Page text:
ANTAKYA: Rebel fighter Mustafa and his trio of burly men look out of place at a trendy Turkish cafe near the Syrian border, dressed in tattered jeans and silently puffing on cigarettes as they scoop into tall ice-cream sundaes.
Their battleground is across the frontier in Syria, where they are fighting to topple President Bashar al-Assad. But like many rebels in northern Syria, they are so desperate for weapons and money, they are searching for new donors in Turkey.
“When it comes to getting weapons, every group knows they are on their own,” says the 25-year-old with a patchy beard. “It's a fight for resources.”
Nominally Mustafa's rebels fight for the Free Syrian Army (FSA), but the FSA, lacking international recognition or direct state funding, is a often just a convenient label for a host of local armed groups competing fiercely for scarce financing.
So fiercely, they sometimes turn their guns on each other.
“Everyone needs weapons. There is tension. There is anger and yes, sometimes there is fighting if rebels in one town seem to have an unfair share of weapons,” said Mustafa, who comes from Syria's northwestern province of Idlib, which borders Turkey and has been a hotbed of resistance to Assad.
Such mistrust is compounded by the competing agendas of outside parties who are further fragmenting the rebel movement.
Finding a donor usually means using personal connections, rebels say. They get relatives or expatriate friends to put them in touch with businessmen or Syrian groups abroad.
But once fighters go to private donors for weapons, they have to negotiate, and the price may be ideological.
Many say Islamic groups, from hardline Salafists to the exiled Muslim Brotherhood, bankroll many battalions that share their religious outlook. The Brotherhood has representatives in Antakya ready to meet interested rebels, fighters say.
Leftist politicians and other opponents of Islamic militants are trying to counter that influence by funding rival armed bands.
“These groups are all making their own militias, like they are some kind of warlords. This is dividing people,” said one activist who asked not to be named. “They aren't thinking about military strategies, they are thinking about politics.”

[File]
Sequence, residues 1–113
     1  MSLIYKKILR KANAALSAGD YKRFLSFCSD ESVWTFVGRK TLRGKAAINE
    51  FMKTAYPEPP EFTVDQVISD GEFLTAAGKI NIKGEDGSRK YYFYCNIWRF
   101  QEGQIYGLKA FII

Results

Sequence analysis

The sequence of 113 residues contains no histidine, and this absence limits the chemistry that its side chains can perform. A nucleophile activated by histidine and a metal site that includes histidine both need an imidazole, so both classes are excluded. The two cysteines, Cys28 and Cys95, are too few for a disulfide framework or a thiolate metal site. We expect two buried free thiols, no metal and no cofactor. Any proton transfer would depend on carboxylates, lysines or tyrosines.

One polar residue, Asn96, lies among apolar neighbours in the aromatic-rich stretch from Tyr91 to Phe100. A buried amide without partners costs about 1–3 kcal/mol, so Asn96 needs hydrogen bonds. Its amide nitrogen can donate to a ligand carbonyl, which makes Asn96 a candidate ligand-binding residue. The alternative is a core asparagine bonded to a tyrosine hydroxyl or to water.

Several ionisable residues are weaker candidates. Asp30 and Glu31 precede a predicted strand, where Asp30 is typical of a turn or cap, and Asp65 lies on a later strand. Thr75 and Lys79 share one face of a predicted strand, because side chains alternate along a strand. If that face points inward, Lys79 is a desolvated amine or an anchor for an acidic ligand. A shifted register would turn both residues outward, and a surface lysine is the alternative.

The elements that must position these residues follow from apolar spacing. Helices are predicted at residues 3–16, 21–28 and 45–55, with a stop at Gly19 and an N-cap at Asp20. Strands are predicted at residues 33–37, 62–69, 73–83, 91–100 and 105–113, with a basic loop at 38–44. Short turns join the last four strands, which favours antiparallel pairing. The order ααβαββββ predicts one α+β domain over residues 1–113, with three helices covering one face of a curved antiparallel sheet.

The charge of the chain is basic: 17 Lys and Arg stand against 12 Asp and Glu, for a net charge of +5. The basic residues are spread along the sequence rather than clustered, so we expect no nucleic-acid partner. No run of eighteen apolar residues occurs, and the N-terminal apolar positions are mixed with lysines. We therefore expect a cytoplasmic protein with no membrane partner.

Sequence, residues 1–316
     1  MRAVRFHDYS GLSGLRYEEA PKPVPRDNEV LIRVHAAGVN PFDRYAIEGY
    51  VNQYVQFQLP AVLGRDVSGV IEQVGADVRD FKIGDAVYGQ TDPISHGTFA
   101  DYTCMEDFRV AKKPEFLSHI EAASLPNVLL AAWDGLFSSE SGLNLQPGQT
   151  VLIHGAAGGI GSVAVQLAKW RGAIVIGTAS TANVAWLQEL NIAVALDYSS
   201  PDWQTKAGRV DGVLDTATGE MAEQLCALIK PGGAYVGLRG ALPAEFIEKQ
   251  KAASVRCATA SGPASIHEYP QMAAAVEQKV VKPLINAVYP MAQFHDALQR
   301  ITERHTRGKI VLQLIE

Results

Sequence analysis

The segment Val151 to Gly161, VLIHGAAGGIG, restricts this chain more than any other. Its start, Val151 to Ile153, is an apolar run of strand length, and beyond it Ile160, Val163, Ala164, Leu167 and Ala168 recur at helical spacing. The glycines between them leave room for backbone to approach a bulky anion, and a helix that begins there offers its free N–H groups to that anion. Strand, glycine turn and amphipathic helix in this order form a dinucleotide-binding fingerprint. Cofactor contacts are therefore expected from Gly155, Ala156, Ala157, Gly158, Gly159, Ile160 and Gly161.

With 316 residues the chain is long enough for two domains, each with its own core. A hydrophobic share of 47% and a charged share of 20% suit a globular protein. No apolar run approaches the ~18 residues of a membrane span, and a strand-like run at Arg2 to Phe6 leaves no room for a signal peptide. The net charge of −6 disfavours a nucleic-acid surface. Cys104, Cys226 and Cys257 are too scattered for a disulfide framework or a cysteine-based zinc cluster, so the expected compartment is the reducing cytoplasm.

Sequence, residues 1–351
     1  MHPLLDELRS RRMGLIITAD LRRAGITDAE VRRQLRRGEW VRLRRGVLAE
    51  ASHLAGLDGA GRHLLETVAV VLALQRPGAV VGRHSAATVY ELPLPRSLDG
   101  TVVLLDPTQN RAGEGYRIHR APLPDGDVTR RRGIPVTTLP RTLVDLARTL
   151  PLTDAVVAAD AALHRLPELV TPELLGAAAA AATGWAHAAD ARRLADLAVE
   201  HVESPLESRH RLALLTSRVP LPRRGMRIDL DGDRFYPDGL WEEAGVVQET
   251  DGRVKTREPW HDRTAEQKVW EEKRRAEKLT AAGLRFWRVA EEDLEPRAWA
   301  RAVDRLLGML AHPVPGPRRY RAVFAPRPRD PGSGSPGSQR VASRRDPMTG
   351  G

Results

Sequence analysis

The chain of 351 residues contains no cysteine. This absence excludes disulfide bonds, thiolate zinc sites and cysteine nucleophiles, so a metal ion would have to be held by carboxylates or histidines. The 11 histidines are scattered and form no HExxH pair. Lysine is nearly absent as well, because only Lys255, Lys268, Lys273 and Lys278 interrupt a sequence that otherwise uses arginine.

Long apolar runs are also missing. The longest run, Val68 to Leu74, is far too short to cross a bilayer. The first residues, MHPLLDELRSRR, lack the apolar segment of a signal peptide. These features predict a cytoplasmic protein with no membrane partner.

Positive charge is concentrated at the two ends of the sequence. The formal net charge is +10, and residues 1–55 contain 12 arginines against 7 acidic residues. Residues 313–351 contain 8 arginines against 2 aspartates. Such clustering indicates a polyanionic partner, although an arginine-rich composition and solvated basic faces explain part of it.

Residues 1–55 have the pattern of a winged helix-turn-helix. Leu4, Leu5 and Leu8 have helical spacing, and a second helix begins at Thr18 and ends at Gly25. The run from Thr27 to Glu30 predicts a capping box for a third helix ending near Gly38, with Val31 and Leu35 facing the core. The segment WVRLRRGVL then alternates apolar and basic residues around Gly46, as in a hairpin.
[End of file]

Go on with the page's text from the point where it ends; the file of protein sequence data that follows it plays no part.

With the UN peace plan for Syria on the ropes, Saudi Arabia and Qatar, regional rivals of Assad's main ally Iran, are likely to increase calls for the insurgents to be armed.
Western powers wary of military entanglement in another Middle Eastern hotspot have so far said this would not be helpful, while proposing non-lethal aid to the opposition.
Even if that were to change, it is not clear how military supplies could be directed to competing insurgents hopelessly outgunned by Assad's artillery and tanks, many of whom don't even agree on a military strategy.
Several rebel groups have formally broken with the FSA to form outfits such as the Syrian Liberation Army, the Patriotic Army and The Alternative Movement, whose real identity and clout are hard to assess, because the government restricts media access to Syria.
The FSA has pledged to honour the shaky UN-backed truce that took effect on April 16 if the army reciprocates. But the Syrian Liberation Army says it will keep fighting.
“We don't accept the ceasefire. We have slowed down a bit, only because we don't have enough weapons,” its spokesman, Haitham Qudeimati, told Reuters.
Fighters say private donors, possibly frontmen for Gulf states such as Saudi Arabia and Qatar, have funnelled millions of dollars to favoured rebel groups. Many suspect the Muslim Brotherhood and the Salafis are getting the lion's share.
A 60-year-old rebel commander called Abu Shaham, from the central city of Hama, accused the Brotherhood of hanging back from the battlefront to overpower other rebel groups later.
“The Brotherhood is pumping money into the rebel units yet their men don't fight as much as us. They are almost always the first to retreat. Why?” he asked.
“They are not thinking about this phase in the battle. They care about what comes next. They want to save themselves for the struggle after Assad falls, to come out the strongest.”
Analyst Joseph Holliday, of the US-based Institute for the Study of War, said if foreign powers do not engage with the rebels in an orderly way, their rivalries could create chaos.
“If we don't recognise the rebels, anyone can set up shop in Turkey and start funding opposing groups,” said Joseph Holliday, of the US-based Institute for the Study of War. “We don't know who is arming who ... I'm afraid by the time the West decides to do something it may be too late.”
Some rebels worry Islamist radicals could stoke tensions between majority Sunni Muslims, who have driven the revolt, and minority Alawites, Shia's and Christians, who are wary of it.